BY CHUCK SMITH
Great Bend Tribune
As Americans are getting more concerned about protecting themselves from the dangers of too much sun, and its contribution to too much skin cancer in our culture, they are also turning back to an old safety device that’s also a fashion statement — the hat.
In the trail driving days, you could tell where a cowboy was from by the shape and size of his hat, according to the old-timers. A cowboy with an especially wide-brimmed hat was from the Southwest, where the blazing sun could fry a man, and the only shade he was likely to find was under his hat.
For similar reasons, Americans today are being encouraged to crawl back under their sombreros — or at least to seek some protection from hats when they are working or playing out in the sun.
According to the Skin Cancer Foundation, there is a trend in clothing designers to not only bring back hats, but to also include styles that have wide enough brims to offer protection to the face, ears and neck.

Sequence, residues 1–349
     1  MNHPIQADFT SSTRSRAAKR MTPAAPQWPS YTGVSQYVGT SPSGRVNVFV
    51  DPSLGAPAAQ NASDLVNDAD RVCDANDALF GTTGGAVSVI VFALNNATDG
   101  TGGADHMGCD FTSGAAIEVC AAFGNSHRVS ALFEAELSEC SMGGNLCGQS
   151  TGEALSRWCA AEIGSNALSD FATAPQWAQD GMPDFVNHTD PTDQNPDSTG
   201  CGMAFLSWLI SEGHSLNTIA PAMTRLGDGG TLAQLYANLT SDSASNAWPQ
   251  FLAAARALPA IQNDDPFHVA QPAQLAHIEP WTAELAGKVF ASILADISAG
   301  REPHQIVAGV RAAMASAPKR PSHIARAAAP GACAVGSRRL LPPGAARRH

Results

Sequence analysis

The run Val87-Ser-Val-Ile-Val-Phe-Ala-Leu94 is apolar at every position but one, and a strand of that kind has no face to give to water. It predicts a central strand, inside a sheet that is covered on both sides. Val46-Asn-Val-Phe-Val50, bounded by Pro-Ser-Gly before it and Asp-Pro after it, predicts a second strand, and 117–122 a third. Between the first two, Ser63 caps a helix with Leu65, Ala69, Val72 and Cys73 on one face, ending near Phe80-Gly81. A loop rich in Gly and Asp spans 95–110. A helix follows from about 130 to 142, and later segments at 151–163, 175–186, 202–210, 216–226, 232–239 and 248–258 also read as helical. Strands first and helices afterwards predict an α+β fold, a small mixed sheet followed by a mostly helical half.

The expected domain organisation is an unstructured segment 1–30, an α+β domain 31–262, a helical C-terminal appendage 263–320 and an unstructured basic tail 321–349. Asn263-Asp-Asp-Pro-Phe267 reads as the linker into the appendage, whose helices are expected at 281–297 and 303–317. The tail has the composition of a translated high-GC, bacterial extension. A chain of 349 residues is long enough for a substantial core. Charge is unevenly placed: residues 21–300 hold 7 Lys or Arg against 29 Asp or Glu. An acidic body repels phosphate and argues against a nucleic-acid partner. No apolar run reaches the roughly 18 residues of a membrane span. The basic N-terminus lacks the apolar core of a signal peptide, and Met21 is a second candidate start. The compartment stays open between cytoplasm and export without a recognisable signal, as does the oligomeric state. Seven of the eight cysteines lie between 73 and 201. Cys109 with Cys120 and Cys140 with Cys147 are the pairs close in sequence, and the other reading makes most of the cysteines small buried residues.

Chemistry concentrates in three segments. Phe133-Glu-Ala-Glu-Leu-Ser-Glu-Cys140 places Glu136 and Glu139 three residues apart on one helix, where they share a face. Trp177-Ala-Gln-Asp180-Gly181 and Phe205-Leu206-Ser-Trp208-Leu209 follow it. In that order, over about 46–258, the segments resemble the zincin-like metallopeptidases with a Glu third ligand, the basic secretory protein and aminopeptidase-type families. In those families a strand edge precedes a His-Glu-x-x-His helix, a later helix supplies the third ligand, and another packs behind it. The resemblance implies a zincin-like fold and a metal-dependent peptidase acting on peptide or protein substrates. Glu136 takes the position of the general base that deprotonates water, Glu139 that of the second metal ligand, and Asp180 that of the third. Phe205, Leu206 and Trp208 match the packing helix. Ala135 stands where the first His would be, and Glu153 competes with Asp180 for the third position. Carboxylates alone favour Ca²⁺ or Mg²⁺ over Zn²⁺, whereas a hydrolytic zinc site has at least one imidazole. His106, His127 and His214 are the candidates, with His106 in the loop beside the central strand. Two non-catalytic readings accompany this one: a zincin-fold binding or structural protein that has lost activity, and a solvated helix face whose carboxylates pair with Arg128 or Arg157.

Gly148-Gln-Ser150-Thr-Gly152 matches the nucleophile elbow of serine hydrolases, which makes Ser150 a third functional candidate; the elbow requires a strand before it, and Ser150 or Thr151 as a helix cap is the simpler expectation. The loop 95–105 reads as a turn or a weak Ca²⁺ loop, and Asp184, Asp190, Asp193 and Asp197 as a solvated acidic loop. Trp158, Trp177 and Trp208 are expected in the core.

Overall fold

"The trend is particularly welcome because exposure to the sun’s ultraviolet radiation (UVR) increases the risk of all skin cancers, and broad-brimmed hats provide significant sun protection for the head and neck. As it turns out, shielding these vulnerable areas is especially important," according to information from the Skin Cancer Foundation.
"A recent study at the University of North Carolina, Chapel Hill, found that melanomas on the head and neck are particularly dangerous. Among 51,704 non-Hispanic white adults with melanoma, patients with melanomas of the head and neck were almost twice as likely to die from the disease as patients with melanomas on other areas, including the trunk, facial skin, and ears," the Foundation stresses.
Those who created the UNC study, stressed that adding a wide-brimmed hat to the everyday wardrobe really makes a difference, especially over time. "Many of these melanoma deaths might have been avoided with proper precautions: ‘I think that wearing a broad-brimmed hat should help prevent melanoma of the head and neck, including dangerous melanomas of the scalp and neck,’ commented study coauthor Nancy Thomas, MD, PhD."